Monday, September 22, 2014


Transmission

Restricting Iran's Second Mother Tongue

Azeri language graffiti in Ardabil, IranAzeri language graffiti in Ardabil, Iran
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Azeri language graffiti in Ardabil, Iran
Azeri language graffiti in Ardabil, Iran
February 21 was International Mother Language Day and I thought of my own mother language, Azeri Turkish.

Azeri Turkish is not one of the 3,500 or more endangered languages spoken by small communities which UNESCO calls on the public to protect.

But it's spoken in Iran by 15-20 million people (out of a 66 million population) plus by 8 million people in Azerbaijan, where it's the state language. It's a Turkic language, similar to Turkish, and distinct from Persian, Iran's state language.

In Iran, nobody forbids us from speaking Azeri Turkish at home or on the street. Even in the mosques of Azeri-populated Iranian provinces (Eastern and Western Azerbaijan, Ardabil, Zanjan), mullahs pray in Azeri Turkish.

But ever since the centralization of the state and education in the 1920s, Iran's ethnic Azeris can barely read or write in Azeri Turkish because there's no education in their own, mother tongue.

There is not one Azeri-Turkish school in the whole country, university institute, nor even a course teaching the language. An Azeri-speaking citizen talks in his native tongue to his family and friends, but writes letters to the same people in Persian because he or she doesn't know how to write in standard Azeri Turkish.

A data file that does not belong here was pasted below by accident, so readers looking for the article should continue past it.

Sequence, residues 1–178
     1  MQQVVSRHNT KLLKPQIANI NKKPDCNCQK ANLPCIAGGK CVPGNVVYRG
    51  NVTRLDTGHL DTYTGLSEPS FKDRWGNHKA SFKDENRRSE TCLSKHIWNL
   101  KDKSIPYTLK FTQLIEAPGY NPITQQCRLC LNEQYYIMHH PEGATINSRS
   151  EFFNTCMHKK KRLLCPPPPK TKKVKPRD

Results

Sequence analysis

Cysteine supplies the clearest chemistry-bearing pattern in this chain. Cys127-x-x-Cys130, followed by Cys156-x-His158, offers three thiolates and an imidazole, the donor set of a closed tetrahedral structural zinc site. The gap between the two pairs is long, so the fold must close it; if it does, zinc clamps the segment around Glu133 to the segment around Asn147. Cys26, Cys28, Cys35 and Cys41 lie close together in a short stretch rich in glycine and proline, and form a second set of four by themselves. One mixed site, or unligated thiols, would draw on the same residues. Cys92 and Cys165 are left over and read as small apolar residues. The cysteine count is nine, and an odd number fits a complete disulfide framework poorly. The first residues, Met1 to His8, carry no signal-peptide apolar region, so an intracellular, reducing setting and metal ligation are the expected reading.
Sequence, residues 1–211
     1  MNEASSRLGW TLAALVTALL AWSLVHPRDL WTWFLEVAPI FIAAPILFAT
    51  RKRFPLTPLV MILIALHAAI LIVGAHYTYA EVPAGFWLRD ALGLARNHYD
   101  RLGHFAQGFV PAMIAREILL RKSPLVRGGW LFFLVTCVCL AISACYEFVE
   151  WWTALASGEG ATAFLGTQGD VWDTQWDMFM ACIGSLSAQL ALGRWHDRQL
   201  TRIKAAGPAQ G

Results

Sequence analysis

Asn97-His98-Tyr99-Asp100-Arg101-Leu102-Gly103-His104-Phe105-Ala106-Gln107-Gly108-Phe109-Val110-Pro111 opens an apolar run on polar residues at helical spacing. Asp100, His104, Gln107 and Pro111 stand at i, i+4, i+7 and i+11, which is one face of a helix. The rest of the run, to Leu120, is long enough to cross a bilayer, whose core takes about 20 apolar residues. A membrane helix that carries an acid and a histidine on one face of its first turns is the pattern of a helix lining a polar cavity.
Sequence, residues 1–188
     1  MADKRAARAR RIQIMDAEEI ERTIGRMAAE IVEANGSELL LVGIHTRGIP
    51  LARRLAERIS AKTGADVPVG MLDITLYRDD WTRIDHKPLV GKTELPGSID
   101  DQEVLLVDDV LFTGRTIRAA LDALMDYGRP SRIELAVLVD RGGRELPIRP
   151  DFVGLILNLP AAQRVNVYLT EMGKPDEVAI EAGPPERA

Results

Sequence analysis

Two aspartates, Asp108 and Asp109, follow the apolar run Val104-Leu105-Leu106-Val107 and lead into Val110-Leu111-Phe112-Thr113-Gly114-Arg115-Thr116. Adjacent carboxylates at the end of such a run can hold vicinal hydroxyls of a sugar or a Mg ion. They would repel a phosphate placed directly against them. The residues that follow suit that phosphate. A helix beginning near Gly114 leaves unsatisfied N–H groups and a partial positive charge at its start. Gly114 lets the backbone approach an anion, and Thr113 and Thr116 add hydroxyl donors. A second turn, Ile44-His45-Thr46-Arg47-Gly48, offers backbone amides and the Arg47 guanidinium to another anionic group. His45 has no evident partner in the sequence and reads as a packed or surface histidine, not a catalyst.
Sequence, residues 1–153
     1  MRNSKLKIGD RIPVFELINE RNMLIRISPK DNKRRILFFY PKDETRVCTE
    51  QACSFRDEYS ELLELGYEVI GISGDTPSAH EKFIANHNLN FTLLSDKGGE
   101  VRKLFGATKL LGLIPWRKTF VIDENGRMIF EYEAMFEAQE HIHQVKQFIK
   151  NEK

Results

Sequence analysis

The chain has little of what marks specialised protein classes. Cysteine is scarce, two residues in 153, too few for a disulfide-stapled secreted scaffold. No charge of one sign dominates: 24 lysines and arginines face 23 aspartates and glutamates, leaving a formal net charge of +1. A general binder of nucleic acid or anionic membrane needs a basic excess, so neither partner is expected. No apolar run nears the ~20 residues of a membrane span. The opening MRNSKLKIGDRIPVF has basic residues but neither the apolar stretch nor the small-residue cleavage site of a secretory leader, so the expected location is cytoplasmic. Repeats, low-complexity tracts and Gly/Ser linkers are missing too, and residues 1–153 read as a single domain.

Azeri Turkish is gradually becoming socially irrelevant. Practically banned from official written form, it has been infiltrated by local and societal dialects and slang and Persian's overwhelming vocabulary and sentence structure.

It has always been this way, under the shah and now under the current regime -- and the reasons are partially understandable.

The language issue has been politically misused at least once in our history. In 1945, when Soviet troops occupied northern Iran, a pro-Soviet autonomous government was established in Tabriz, the capital of Iranian Azerbaijan, which ultimately led to a de facto separation of Iran's Azeri Turkish-speaking regions from the central government in Tehran.

The main complaint -- and many say "pretext" -- raised by that government was the discrimination against the Azeri Turkish language.

That government fell after Soviet troops were forced to leave Iran. Since then, anyone demanding language rights for Azeri Turkish in Iran was referred to Moscow.

The same concerns and restrictions still remain today, with the Iranian authorities suspicious that "enemies" would use ethnic rights to sew animosity and division.

Most recently, a group of prominent writers, including Ali Reza Sarrafi, has been arrested simply for publishing and promoting works in the Azeri language.

Shahnaz Gholami, a prominent blogger and human rights activist, was imprisoned because she has been demanding the right for education in Azeri Turkish. Both Sarrafi and Gholami were charged with "acting against the national security of the Islamic Republic and its territorial integrity."

The problem is that, as many have argued, restricting people's ethnic and linguistic rights can actually weaken social unity and end up provoking separatism.